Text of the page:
Elvin Jones, drummer with the John Coltrane Quartet in the 60s, and one of the most original and inspirational drummers in the history of jazz, died yesterday.
And here’s a re-post of something I posted over in the dudepit discussion board a few weeks ago when it was reported that Elvin was seriously ill, about the one time I got to play with Elvin…
I once got to play with Elvin, at a clinic at the drum school I was teaching at. It was before I’d really started to listen to the Coltrane Quartet (I now own about 20 Coltrane albums, and have listened to Elvin more than any other jazz drummer…), and I was pretty rubbish, but Elvin just kept on grinning, giving me really obvious signs as to where the form was going, taking me with him. He could’ve made me look a fool, but instead did what great musicians do – play to make the band look good.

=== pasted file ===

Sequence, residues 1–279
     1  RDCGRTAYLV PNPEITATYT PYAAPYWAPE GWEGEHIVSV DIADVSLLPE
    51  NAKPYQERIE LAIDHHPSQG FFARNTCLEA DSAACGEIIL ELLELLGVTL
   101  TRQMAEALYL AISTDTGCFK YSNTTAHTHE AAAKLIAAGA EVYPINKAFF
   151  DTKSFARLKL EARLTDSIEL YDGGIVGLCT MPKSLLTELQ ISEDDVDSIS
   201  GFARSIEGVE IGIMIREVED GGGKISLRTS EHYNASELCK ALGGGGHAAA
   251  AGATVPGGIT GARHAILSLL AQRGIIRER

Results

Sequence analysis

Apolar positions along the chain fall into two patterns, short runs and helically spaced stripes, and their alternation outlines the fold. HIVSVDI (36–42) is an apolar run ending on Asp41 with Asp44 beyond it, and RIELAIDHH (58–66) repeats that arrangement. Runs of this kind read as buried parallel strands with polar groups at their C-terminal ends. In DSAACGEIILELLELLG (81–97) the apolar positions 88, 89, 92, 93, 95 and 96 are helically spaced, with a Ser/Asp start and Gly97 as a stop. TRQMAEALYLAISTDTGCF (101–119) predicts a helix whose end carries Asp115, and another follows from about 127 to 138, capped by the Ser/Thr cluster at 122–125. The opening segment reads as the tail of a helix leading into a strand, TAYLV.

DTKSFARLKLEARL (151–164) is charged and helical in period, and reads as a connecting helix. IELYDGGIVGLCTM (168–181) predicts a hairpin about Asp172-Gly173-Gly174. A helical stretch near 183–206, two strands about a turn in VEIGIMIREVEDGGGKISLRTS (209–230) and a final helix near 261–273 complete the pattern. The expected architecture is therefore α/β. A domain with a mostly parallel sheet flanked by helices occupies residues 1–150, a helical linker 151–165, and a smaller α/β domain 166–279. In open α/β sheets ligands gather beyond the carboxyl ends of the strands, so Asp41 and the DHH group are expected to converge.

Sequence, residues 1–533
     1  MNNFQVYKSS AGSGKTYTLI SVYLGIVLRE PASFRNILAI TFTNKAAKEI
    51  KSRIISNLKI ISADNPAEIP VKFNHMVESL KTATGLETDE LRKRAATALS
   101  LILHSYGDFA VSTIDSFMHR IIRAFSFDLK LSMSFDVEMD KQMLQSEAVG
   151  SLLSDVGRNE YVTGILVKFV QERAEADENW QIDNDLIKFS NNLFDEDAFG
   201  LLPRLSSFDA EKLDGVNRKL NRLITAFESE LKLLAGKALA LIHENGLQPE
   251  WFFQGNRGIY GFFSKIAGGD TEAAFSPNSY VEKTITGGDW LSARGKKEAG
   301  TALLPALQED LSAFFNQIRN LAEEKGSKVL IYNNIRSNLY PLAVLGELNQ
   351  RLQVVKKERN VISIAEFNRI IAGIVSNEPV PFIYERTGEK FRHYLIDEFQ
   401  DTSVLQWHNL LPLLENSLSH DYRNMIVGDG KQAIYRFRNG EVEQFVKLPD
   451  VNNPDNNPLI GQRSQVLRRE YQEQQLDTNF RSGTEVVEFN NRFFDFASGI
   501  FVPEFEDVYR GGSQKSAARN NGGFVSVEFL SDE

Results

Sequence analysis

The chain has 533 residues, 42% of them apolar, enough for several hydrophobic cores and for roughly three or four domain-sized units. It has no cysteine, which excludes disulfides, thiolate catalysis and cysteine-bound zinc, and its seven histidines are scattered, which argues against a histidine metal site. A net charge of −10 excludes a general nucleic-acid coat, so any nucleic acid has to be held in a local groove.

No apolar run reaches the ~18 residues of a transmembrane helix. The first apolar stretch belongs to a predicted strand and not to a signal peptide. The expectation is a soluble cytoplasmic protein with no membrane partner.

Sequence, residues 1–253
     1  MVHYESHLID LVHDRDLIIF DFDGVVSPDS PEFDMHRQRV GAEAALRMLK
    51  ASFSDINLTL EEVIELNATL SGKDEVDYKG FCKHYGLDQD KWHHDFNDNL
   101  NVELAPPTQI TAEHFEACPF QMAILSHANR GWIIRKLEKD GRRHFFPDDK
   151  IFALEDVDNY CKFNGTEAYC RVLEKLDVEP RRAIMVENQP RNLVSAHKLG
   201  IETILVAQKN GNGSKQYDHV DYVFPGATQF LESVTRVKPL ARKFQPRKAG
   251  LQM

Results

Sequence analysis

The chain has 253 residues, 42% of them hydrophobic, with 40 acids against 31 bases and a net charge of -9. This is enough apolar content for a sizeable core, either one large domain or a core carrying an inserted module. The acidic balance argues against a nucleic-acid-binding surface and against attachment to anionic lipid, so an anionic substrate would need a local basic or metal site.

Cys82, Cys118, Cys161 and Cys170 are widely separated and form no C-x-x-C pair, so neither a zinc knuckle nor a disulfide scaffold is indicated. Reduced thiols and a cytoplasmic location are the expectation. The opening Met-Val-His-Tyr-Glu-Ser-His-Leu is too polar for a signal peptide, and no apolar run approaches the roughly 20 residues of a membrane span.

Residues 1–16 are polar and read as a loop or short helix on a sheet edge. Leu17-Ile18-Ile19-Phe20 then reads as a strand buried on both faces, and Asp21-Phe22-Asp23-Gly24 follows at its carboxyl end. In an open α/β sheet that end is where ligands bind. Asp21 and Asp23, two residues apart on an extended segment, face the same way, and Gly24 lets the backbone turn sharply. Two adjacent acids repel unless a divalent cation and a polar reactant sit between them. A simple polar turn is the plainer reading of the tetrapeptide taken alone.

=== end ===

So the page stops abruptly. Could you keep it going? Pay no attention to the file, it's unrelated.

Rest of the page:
At the end, as people were applauding, he said ‘these are the cats’ about the guitarist, and I, even though it was clear to anyone with a pair of ears that we really weren’t…
Afterwards, he came over and said, ‘man, that scared the shit outta me – I haven’t played with an electric bassist in 25 years – I’m not used to HEARING to bass, just feeling it’
I’ll never forget either the fear of playing with him beforehand, or that feeling of him holding me up when I could so easily have falling on my arse. A pivotal moment in my playing career.
Today is a day to remember one of the pivotal figures in the development of jazz, and one of my all-time favourite drummers. Those moments at the end of a lot of a the Coltrane live recordings where McCoy Tyner and Jimmy Garrison drop out and leave ‘Trane and Elvin to go at it as a duo as an extended firey cadenza to the tune are some of the most sublime moments in recorded music – two hugely innovative and gifted musicians exploring the outer limits of where their music can take them.
Soundtrack – right now, clatter, ‘blinded by vision’, which just arrived this morning and is excellent but will soon make way for a day of Coltrane…by